I think you should not get disheartened, and should apply as if it is a reasonable year. It is not bad all around. I haven’t kept track at our school, but I heard it was not terrible. It is hit and miss. My son with a 3.3 got into 4 state flagship CS programs. By next year a few handful of colleges will remove test optional and that will also improve the situation further. This environment cannot be good for the colleges either. Best to get the essays started right away. Those really make a difference.

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On the flip side, I was in a private Facebook group with a college counselor and about 750 parents. There is not one story at the extreme that you are mentioning. Kids didn’t necessarily get into their first choice, but almost all got into the band/level of schools that seemed commensurate with the totality of their application. None were shut out like you are describing.

Our own experience (my daughter had great results both in terms of schools and merit) and my sense from that group with 750 parents was that the results this year were not that much different than when my older daughter applied.

The actual data will be interesting to see which anecdotal story is more accurate.


My older son who is a junior at college also told me that the perception on campus is that this is a normal year, with perhaps some bleed further along the lines of the hooks.

Our experience and observation at D’s public elite school this year has been very much in line with @LRLMom’s. The school used to send between 40-45% of its graduating class to a T20. This year it was under 20% for similarly situated kids.

Perhaps the more surprising result was that schools that were carefully selected as likelies, rejected or waitlisted high stat kids in large numbers.

Our GCs too very surprised by this year’s cycle. May be it varies by high school and region. Perhaps it was more “normal” for some and different for others.

I’m curious to understand how the students would know. Surely they don’t have access to the application pools, past and present?

At my D’s high school they report where students matriculate each and every year. This year didn’t look very different than in years past. Same for my niece’s school. Still waiting to see the matriculations from my new local HS but in talking to parents, it doesn’t seem like a big change.

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I’d be curious to hear any ‘geographic diversity’ feedback. For my Colorado D22 she outperformed on her east coast/Midwest appplications than West coast applications as I predicted to her. CA/WA/OR isn’t interested in any more CO kids they have plenty. So much so D23 is focusing in those east regions since she liked all the schools we visited. As for D22 she chose a lower ranked west coast school as she hates the cold. And the one school in the south she loved rejected her even though it was a ‘safety’. We were prepared though as for the first time I swear half her class applied. This could be a covid anomaly or a trend…


have a d23; lots of ‘22 friends - from a low income public HS in the MW.
i look at this stuff (like probably the rest of you!)
Our state flagship gives full tuition schollys to kids with high gpas and 32 ACTs. The last few years there’s been around 12/ 500 in our kids’ classes.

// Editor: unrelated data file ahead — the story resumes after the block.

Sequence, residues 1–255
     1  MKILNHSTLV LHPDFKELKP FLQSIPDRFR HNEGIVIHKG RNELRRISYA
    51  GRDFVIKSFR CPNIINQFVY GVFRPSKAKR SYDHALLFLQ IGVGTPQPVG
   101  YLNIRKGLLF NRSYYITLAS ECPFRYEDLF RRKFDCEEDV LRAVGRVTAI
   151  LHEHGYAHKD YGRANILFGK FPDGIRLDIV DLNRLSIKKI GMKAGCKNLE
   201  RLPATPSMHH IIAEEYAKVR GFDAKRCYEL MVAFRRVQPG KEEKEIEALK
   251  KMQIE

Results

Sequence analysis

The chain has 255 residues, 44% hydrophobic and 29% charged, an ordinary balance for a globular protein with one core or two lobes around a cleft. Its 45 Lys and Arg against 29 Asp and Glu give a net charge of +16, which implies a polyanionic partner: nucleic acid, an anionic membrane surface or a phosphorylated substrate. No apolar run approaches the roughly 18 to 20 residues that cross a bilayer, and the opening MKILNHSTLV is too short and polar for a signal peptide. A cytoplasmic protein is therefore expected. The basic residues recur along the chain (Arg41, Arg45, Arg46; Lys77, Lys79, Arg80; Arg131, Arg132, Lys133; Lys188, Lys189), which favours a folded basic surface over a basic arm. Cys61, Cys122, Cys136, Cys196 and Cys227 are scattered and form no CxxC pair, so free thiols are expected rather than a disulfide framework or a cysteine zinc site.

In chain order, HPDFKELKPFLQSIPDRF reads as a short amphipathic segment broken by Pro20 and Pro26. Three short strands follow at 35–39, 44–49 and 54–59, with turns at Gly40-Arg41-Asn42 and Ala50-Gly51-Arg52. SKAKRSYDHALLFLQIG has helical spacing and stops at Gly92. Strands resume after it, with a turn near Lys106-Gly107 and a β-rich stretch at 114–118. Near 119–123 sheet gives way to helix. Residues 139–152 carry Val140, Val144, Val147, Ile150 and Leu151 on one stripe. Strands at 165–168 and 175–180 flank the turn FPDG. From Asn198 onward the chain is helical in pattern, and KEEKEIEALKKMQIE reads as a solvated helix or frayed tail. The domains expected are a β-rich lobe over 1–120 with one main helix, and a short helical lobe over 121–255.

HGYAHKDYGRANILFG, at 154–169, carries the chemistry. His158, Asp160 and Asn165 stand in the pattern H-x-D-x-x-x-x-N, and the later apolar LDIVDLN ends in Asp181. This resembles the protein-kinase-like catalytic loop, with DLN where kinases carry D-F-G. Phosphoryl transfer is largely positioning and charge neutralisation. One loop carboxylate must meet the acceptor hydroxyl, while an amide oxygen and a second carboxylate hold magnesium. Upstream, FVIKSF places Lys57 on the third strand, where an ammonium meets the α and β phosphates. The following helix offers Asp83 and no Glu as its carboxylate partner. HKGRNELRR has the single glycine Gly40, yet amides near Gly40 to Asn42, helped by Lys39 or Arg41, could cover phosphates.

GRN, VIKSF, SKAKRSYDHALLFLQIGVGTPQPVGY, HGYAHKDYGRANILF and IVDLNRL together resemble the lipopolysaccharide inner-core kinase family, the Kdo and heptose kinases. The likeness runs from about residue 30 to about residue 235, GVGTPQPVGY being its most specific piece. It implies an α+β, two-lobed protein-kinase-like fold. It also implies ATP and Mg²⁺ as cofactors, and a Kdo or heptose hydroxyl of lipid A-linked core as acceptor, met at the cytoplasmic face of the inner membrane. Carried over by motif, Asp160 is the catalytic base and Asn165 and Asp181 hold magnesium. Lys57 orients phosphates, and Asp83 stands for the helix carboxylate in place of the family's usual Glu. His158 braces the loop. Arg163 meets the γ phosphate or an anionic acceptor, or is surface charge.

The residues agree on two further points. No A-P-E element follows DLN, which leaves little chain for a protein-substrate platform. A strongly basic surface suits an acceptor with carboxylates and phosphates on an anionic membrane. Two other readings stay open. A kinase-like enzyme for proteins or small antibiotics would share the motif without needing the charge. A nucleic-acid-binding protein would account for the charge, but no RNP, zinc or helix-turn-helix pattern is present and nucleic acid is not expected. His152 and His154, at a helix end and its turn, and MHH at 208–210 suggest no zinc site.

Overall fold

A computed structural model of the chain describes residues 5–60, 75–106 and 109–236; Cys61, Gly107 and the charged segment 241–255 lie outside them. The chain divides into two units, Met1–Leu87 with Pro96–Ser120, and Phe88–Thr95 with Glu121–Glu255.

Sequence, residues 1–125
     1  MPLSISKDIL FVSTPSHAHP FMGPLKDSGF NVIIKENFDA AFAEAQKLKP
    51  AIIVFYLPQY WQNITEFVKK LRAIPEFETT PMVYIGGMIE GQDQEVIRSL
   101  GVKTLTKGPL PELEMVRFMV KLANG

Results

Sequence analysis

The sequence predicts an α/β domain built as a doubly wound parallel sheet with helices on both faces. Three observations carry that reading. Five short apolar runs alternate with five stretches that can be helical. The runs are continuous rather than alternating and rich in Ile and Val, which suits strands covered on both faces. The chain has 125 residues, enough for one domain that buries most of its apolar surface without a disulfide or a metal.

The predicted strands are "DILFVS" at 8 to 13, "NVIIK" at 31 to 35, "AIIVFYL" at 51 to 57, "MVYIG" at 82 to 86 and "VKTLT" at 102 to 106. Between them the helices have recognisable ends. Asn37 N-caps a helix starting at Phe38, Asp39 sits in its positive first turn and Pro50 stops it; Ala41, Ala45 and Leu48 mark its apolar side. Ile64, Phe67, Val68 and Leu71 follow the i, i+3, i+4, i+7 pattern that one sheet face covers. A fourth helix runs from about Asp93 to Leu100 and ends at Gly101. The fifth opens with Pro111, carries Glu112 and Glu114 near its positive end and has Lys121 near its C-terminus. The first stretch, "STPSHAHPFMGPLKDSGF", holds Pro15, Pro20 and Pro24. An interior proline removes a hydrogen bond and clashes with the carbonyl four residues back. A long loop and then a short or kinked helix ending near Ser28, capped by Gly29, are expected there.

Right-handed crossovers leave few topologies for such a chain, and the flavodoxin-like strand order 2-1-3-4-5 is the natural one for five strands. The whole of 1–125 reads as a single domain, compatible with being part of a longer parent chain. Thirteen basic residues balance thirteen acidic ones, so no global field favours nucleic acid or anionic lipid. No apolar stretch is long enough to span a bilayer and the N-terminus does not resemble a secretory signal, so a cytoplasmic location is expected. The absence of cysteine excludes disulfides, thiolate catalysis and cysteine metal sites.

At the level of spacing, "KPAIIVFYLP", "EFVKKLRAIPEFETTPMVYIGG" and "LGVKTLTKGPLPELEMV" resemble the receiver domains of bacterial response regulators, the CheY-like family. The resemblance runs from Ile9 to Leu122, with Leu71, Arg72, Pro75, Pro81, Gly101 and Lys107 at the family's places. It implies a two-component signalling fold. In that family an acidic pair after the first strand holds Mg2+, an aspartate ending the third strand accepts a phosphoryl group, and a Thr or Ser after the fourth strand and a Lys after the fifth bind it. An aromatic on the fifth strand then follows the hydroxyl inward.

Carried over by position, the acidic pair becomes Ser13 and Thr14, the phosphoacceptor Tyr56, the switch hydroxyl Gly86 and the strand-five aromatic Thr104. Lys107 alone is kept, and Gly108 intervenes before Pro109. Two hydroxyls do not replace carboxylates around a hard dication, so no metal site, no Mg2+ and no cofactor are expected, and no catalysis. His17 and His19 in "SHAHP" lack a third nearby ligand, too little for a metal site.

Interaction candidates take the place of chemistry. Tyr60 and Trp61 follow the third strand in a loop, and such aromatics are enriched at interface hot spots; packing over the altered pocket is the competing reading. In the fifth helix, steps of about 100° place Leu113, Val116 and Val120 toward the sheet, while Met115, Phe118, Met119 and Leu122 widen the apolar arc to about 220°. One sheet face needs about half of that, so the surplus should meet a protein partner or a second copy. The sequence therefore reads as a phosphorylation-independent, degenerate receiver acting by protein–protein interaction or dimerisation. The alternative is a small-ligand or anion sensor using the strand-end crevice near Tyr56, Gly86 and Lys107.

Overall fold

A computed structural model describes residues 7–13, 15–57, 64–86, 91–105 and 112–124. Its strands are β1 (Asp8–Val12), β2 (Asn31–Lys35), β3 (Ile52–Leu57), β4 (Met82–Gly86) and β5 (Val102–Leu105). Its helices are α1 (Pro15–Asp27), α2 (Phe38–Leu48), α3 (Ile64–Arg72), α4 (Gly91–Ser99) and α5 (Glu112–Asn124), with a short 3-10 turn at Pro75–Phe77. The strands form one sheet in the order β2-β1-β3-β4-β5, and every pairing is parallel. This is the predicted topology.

this year; the the state flagship didnt consider ACTs; just GPA; 45 out of 500 received that scholarship. (the HS grades easily to get its kids to graduate!)

to me, this is a clue on how not looking at test scores can affect lots of things. More people will apply; the pool is larger – for competitive scholarships as well as admissions, and admissions to a major of choice.


Our school (a good, not great public HS) had unusually disappointing results also. From 2016-2020, there were usually 2 or 3 going to Ivies and perhaps 10 students total going to various T50s. This year 0 Ivies and about 3 in T50s.


If you had a hook, you were more likely to be admitted to t20s. It seems emphasis on first-generation and diversity were looked at. Essays were more in play. Universities were looking for more diversity also in geography and international.

Curious if you were looking for aid and how you saw that play out geographically vs simple accept/decline rates. In CO too. Thx.

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No big difference, anecdotally, between this year and last at well-regarded publics and independent schools in Westchester County. There had already been a “shakeout” of sorts well before last year, definitely nothing like 45% of kids going to T20s or unhooked non-superstars frequently getting into Ivies, so maybe the baseline was different.

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We weren’t really looking for aid, merit yes but D22 was not interested in the schools that offered her merit. We had to say no to privates with no merit on both east and west coast. I saw more impact on acceptance not merit.

I didn’t read through all of the responses but our biggest surprise was that merit was pretty unpredictable. We are full pay and chased merit. Schools where we thought (based on stats and common data set info) she would get good money gave nothing, but she got great offers from some others where her stats were strong but not necessarily in the top 15 percent. We had two that we thought were safeties based on stats (much higher than the middle 50) and anticipated merit that ended up being unaffordable. One was her top choice. Kids with much lower stats received big packages but she got nothing - made no sense. But it probably worked out as it should because she’s headed to a better school with better programs for her interests.